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Keeping Up With the Jonesing

The Brass Ring of Modern Suburbia Is Big. Really Big. Just Turn the Key, Open the Oversized Front Door of Your 'McMansion' and Step Into the Ultimate Manifestation of the American Dream. Just Like the People Next Door.

April 27, 2003|Bill Sharpsteen | Bill Sharpsteen's last story for the magazine was about photographer Herb Ritts.

You want this house. You can feel a dreamy desire bordering on lust for the high faux-adobe walls, the five bedrooms, the four fireplaces, the built-in barbecue on a side patio and the two-story foyer with a retractable skylight. At 6,162 square feet, this is a house in which you and the dog could play Frisbee in the foyer. The arches over many doorways, the ostentatious columns lining the hallway, the broad countertops in whatever expensive material you choose--the architectural details have been on your mind for days. Never mind that it sits side by side with cookie-cutter homes in what essentially is a suburban housing tract, and that critics deride houses like this as "McMansions." That doesn't matter. Its size reaches out to your ego in ways you don't even care to explore. You're jonesing for this house.

Of course, there's the price tag. You worry that you'll have to live like a monk to afford the $2.55 million for this particular floor plan. The down payment alone is the equivalent of a decent house in many places. Still, you linger in this model named, for no apparent reason, the Delcado. It sits in a gated 29-house tract called MonteVerde (green mountain), just below the usually golden Santa Monica Mountains in Tarzana. You can understand why so many buyers, often moving up from comfortable but relatively cramped homes, are cashing in their equity-rich hovels for these mini-castles ranging between 4,800 and 6,600 square feet. You've convinced yourself that all this space is necessary. Even if you can't fill all the cupboards, there's power in having more than you can use.

Excess is just part of the lifestyle in places such as Braemar Estates, Beverly Ridge Estates, Royal Oaks Colony and Lake Sherwood Country Club--tracts where these mega-houses elicit the image of wealth and exclusivity in groupings of between 30 and 350 homes. Tony Truisi, an Encino real estate agent specializing in what he calls "upper high-end" homes, says "there's a big market in this part of L.A.--houses running between $1 million and $3 million--that's a hot market right now. And that's unbelievable to say, huh?"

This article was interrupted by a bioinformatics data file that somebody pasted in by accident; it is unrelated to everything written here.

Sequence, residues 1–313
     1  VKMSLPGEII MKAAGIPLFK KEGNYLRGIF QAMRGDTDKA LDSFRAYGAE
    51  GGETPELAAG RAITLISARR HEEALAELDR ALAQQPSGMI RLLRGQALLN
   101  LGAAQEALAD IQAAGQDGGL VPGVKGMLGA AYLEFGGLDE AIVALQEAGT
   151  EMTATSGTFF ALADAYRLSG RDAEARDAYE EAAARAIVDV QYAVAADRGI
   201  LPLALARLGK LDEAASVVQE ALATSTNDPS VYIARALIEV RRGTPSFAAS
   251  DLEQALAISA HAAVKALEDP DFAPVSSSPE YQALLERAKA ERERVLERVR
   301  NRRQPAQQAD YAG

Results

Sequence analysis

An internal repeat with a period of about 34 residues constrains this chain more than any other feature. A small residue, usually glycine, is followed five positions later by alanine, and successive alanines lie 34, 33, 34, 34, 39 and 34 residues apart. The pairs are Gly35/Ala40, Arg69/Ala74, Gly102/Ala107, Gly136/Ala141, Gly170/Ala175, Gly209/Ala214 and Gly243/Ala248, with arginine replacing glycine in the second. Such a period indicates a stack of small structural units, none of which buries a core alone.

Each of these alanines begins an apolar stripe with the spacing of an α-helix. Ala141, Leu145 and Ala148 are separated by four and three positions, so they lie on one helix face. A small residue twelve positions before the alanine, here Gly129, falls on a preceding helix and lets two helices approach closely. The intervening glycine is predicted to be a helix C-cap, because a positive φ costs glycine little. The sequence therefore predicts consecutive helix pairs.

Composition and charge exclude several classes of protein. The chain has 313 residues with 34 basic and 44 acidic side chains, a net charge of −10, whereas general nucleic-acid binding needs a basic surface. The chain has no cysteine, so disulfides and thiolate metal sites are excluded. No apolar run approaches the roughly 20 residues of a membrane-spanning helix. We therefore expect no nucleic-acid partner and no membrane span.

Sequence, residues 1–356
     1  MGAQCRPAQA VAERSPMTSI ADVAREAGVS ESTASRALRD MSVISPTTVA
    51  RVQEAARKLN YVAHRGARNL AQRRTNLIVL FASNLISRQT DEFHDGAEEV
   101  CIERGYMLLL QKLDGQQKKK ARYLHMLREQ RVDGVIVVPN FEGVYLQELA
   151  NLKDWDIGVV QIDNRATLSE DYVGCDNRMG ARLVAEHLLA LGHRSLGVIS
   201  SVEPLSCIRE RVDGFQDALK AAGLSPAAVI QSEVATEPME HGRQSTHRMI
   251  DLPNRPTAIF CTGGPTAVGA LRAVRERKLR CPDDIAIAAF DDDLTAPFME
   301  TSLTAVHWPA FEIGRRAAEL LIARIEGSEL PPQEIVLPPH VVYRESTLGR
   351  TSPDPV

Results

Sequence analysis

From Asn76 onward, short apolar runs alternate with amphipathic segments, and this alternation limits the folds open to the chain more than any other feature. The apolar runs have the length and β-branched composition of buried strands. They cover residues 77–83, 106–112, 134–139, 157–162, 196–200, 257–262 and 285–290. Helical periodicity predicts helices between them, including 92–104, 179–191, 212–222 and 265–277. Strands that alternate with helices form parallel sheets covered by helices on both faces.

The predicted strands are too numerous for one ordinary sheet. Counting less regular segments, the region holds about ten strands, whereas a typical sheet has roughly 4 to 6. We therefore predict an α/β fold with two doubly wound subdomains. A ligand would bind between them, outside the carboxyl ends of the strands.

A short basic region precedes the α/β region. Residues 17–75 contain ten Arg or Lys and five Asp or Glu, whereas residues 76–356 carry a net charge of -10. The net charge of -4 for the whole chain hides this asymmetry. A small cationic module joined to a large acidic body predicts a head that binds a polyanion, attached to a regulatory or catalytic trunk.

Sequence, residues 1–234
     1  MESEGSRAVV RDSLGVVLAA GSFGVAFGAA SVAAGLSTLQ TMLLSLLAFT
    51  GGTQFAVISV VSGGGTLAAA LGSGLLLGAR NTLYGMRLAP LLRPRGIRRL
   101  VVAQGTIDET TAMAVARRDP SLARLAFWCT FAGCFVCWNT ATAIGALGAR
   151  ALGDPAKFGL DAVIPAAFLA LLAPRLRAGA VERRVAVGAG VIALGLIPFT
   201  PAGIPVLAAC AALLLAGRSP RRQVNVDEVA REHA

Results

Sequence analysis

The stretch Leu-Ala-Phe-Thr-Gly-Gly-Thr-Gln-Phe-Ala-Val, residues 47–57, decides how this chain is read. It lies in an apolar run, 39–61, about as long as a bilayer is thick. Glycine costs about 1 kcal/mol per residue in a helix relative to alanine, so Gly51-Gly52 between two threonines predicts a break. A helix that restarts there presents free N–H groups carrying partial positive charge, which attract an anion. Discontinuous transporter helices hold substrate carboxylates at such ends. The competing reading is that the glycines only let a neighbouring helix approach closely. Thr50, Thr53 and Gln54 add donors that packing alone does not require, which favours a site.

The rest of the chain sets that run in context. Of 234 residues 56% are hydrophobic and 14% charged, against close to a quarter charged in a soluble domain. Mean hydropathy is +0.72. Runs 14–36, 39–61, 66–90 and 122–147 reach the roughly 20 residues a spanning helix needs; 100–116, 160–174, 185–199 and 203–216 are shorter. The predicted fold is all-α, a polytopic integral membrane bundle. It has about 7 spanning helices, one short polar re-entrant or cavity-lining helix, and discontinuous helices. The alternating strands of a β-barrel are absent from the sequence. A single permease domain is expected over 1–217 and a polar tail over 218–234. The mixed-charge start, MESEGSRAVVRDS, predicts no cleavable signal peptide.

Actually, yes. But so-called mcmansion communities are rising all over Southern California and elsewhere in the country even as the economy grows less and less certain. According to the California Assn. of Realtors, the number of homes in California that sold for more than $1 million rose 46% between 2001 and 2002.

While rising property values account for part of that, the proliferation of these massive homes through the 1990s also was fueled by the booming economy, the rise in home equity as real estate prices soared and the persistent equation of square footage with status. According to the National Assn. of Home Builders, the average home in the United States in 1987 was 1,905 square feet. Now it's up to 2,324 square feet, while 4% of homes on the Pacific Coast are between 4,000 square feet and 5,000 square feet. A corollary trend is equally telling. During that same period, the average lot size shrank from 17,600 square feet to 12,910 square feet.

William Frey, a demographer at the Brookings Institution in Washington, D.C., compares the recent trend toward larger homes to the 1950s migration to post-World War II suburbs. He calls McMansion buyers "kind of the new middle class. It's the 21st century version of Levittown, which used to be the brass ring of people in the 1950s."

"If you look back over the last 30 years or so," says Robert Frank, a Cornell University economics professor, "virtually all the gains and wealth have gone to the people at the top of the income ladder. And as a result of that, those people have been doing what people always do when they get more money--they buy more stuff and bigger stuff. Houses are on the list. So they build bigger, and that seems to shift the frame of reference for people just below the top. If people just above them are building bigger, then they feel they have to build bigger too."

Having the time and money to build your own home used to be one of the perks of wealth. McMansion buyers, by contrast, are the working wealthy. Many of them labor long hours to pay the massive mortgages on their massive houses. For them, it's more practical to buy a previously designed place that projects an aura of wealth, prestige and personal achievement--off-the-rack opulence, if you will--rather than create a unique architectural symbol of high culture and refinement. If you want individuality, you can always sink some bucks into unique landscaping or remodel that useless formal dining room into a private pool hall.

With a ready-to-build tract mansion, some of which even come furnished, Truisi says, "you can put a deposit on a house, the builder will have the house done within six months, and you're moving in with your suitcases and that's it. Very easy."

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